While I do not take issue with the concerns expressed by Congressman Frank or Senator Klobuchar for the people affected by these issues, I am troubled by what appears to be a convenient path to relief through a hybrid bankruptcy exercise funded primarily with taxpayer dollars that voids auto dealer protections under state laws – and then the circumstantial or politically motivated reversals of decisions said to be in the interests of GM’s revival. It is difficult for me to grasp the notion that, on the one hand, GM has said that “tough” business decisions have to be made, including the closure of dealerships, while on the other hand concessions to those tough decisions are being made when politicians request them.
At a time when Iowa communities are already struggling during this economic downturn, the forced job losses because of this decision by GM creates additional economic hardships for these loyal dealerships, their loyal owners, their loyal and dedicated employees, their loyal customers, the numerous small businesses and employees who work with these local dealerships, and the communities in which these local dealerships are located.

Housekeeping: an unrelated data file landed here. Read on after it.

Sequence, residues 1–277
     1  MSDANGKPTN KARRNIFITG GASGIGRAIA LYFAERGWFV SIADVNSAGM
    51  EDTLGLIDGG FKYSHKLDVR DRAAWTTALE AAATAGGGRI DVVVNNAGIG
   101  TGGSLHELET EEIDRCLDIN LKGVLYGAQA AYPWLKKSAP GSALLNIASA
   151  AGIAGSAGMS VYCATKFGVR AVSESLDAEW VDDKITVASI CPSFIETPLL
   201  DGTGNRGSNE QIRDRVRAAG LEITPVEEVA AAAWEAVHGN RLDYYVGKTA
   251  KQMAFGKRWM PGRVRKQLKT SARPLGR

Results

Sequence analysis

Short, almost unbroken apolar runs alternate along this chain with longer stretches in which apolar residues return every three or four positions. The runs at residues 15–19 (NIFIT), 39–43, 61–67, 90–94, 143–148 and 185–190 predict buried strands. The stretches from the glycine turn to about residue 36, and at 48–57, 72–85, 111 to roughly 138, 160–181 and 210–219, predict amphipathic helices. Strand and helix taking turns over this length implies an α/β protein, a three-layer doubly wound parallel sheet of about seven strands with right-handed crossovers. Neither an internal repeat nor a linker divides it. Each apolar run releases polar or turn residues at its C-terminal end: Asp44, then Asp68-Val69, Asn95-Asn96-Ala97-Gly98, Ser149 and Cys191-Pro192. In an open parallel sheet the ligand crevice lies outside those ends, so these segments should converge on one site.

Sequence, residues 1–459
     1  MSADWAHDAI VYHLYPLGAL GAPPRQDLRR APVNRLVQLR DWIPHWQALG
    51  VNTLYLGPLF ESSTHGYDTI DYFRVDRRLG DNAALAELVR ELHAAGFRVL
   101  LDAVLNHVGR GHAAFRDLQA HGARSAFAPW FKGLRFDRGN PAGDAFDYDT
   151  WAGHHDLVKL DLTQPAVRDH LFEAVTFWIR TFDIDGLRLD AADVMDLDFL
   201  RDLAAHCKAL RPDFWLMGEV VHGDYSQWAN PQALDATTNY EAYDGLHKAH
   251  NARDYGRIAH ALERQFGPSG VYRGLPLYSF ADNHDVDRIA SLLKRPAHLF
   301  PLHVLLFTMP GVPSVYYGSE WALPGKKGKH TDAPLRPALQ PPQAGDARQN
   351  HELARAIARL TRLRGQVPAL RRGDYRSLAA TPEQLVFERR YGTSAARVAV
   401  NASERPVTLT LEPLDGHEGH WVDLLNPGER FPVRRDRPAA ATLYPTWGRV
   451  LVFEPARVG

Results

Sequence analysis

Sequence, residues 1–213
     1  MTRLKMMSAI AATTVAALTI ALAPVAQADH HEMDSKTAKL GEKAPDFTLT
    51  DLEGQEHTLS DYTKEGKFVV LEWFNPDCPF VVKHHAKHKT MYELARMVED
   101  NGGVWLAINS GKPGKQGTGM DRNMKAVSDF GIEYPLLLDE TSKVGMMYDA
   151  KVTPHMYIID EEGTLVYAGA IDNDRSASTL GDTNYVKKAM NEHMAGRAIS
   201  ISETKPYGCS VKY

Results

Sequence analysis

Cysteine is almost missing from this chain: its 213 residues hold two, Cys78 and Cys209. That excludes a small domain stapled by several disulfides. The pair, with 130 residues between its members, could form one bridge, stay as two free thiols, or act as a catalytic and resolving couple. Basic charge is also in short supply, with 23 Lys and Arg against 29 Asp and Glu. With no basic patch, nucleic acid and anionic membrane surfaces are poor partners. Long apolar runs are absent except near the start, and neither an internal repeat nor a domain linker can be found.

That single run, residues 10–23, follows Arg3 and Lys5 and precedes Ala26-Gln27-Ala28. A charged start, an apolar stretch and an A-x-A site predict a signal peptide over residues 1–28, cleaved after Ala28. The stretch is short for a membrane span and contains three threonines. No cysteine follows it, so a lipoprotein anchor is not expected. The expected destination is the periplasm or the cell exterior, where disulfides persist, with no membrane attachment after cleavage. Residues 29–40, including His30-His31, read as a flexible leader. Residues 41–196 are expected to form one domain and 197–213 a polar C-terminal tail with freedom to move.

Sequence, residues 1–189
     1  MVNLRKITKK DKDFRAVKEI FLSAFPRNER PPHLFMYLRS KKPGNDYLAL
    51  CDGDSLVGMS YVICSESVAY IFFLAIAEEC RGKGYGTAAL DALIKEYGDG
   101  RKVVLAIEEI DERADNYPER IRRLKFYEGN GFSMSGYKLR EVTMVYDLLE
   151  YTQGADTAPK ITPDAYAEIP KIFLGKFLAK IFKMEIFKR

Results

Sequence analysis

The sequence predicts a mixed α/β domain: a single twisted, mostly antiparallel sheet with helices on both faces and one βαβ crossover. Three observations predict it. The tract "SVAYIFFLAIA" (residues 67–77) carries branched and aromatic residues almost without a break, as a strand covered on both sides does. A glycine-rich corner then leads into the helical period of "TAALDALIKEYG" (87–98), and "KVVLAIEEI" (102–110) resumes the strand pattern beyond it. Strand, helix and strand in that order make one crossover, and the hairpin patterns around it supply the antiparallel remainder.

Local dealerships are a pivotal partner in the overall financial success of GM because 90% of GM’s revenue comes from the hard work of dealerships and their loyal employees.
And, as you know, local dealerships do not place a financial burden on GM because the dealerships are responsible for paying their own way to represent and sell your brands. Local dealers are responsible for paying their employees, purchasing vehicles and parts directly from the manufacturer, and buying and maintaining their own sales centers. They even purchase the signs, logos, and brochures they proudly display on behalf of their partner and GM.
I look forward to discussing this matter with you personally and having Iowa dealerships, their dedicated employees and local communities be given the same quick and positive response afforded to the GM partners lobbied for by Congressman Frank and Senator Klobuchar.
Congressman Tom Latham